The Qobuz Ideal Discography
As documented by the Smithsonian Folkways reissue The High Lonesome Sound, Roscoe Holcomb, like contemporaries Dock Boggs and Bascom Lamar Lunsford, was the real thing, a raw, solitary musician who expressed the inexpressible, a yearning out of time and place, a sense of the wild, the unseen, the unknowable, perhaps even the unspeakable. The title of this second volume of Holcomb's recordings comes from Bob Dylan, who was describing what he heard in Holcomb's music. And he's right, he knew how to get that sound, how to seek and find the mercurial ghost inside whatever instrument he was playing, the banjo, a guitar with a jackknife, or from that graveyard, sorrowful voice of his. His was able to channel the wisdom and tragedy of the ages and allow for both possibility and despair, even in his a cappella numbers. His is the sound of Appalachian midnight, somewhere past bluegrass, folk, and country. These recordings were made not in 1959 like the material on the other volume, but later, between 1961-1973, when Holcomb was touring, though in declining health and spirits. And, while some the material is duplicated on this set, the versions are very different, and, if anything, this material is somehow spookier, deeper in the trenches of both sorrow and resignation. Some of these tunes were recorded in New York City and in concert in Cambridge, MA, and others on Holcomb's front porch in Daisy, KY. The settings hardly matter; this includes his versions of "Little Maggie," "Frankie and Johnny," the knife-guitar take of "Foggy Mountain Top" that is only rivaled by Maybelle Carter's, his 1961 version of Carter Stanley's "Man of Constant Sorrow" (which is the definitive version of the song done a cappella), and his read of "I Ain't Got No Sugar Baby Now" (which rivals Dock Boggs' earlier version). The truth in all of these songs is the way the blues, bluegrass, ancient folk traditions, and Holcomb's uncompromising and truly unusual sense of rhythm and phrasing collide and, rather than cancel each other out, bring one another to life. His blues songs, such as "Milk Cow Blues" and "Sitting on Top of This World," are fraught with edges and trail-offs that unsettle the listener, seeking a kind of completion that could only come from a singer who didn't hold the song as a living, breathing presence that haunts him. The bravado in the latter is offset by the irony that Holcomb's life had been an image in direct opposition to what the braggadocio in its lyrics offers. There is no grain in Holcomb's voice and banjo style; his voice is the grain, the American Grain in all its rough-hewn glory and grace and desolation. It is majestic in its reediness and singular in its power. This is an essential collection for anyone interested in American traditional music -- be it folk, blues, country, or bluegrass -- and is a primer for those who seek to discover what it was that all of those musics sought to express.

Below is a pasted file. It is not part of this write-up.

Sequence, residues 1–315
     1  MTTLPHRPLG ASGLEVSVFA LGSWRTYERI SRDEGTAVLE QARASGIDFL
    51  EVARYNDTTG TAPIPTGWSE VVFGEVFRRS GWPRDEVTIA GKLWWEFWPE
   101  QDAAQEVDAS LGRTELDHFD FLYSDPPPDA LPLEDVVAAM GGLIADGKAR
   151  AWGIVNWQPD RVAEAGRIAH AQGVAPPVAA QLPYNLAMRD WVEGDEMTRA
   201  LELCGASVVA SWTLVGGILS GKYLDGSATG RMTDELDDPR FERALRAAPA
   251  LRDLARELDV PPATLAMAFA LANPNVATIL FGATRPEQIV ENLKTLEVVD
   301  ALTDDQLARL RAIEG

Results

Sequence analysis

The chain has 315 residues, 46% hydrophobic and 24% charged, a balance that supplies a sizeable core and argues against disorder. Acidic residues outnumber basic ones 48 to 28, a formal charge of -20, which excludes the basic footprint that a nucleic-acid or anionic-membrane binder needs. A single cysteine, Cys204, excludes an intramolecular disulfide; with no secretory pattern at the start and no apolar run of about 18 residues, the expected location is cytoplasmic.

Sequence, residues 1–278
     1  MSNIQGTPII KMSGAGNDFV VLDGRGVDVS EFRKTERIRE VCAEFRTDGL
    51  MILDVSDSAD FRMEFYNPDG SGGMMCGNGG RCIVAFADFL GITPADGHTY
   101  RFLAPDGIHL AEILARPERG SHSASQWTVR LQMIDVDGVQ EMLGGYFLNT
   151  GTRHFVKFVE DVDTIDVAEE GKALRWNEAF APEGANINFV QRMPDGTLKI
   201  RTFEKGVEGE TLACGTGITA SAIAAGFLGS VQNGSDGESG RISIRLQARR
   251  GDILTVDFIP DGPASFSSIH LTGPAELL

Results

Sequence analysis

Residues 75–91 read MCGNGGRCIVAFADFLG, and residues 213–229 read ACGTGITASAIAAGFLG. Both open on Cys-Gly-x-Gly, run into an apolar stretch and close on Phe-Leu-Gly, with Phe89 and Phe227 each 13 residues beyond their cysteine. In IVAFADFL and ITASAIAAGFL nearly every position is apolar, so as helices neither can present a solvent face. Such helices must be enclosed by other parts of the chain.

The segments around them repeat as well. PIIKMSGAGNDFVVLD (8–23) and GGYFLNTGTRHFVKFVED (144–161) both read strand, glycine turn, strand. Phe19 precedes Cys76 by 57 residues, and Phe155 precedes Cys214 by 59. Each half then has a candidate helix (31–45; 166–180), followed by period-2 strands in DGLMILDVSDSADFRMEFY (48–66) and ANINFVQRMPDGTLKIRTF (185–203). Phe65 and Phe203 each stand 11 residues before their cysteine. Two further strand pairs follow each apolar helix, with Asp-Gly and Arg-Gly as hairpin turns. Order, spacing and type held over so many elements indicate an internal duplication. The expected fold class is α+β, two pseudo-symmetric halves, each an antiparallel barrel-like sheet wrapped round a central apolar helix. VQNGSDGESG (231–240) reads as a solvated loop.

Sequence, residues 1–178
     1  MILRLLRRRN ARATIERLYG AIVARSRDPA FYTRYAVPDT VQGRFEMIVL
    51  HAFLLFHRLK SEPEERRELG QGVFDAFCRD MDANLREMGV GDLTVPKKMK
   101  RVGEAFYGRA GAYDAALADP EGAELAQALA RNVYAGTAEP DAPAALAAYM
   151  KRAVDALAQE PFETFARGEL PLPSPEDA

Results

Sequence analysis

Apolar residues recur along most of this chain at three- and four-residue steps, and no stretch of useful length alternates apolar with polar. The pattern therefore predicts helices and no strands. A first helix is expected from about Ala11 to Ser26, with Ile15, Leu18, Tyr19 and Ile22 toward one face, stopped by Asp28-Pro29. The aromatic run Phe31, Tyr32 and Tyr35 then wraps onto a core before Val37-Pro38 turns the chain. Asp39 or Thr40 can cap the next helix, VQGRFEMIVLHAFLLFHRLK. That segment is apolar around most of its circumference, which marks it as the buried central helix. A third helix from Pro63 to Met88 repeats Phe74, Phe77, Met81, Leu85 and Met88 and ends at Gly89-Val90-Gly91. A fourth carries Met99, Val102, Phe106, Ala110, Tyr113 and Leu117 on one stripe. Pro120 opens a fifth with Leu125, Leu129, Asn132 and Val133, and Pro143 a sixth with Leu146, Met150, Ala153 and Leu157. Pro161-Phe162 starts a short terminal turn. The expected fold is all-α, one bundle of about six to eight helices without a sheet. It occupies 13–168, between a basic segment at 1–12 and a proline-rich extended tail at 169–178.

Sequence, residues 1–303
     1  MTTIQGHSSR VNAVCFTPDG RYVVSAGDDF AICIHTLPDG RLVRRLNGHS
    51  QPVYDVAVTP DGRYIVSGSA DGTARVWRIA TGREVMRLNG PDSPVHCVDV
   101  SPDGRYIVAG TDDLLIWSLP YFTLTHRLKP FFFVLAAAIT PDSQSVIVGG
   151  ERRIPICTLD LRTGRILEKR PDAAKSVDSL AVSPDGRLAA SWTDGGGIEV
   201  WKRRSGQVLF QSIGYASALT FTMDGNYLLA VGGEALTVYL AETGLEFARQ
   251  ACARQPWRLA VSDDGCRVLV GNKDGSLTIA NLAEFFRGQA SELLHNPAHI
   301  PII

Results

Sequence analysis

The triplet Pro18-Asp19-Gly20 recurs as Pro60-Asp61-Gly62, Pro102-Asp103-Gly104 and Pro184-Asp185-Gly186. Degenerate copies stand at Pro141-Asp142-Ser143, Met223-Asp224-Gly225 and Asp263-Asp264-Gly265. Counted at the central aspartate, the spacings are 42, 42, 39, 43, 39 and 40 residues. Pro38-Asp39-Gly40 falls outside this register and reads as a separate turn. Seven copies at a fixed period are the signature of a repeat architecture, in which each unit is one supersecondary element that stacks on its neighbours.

© Thom Jurek /TiVo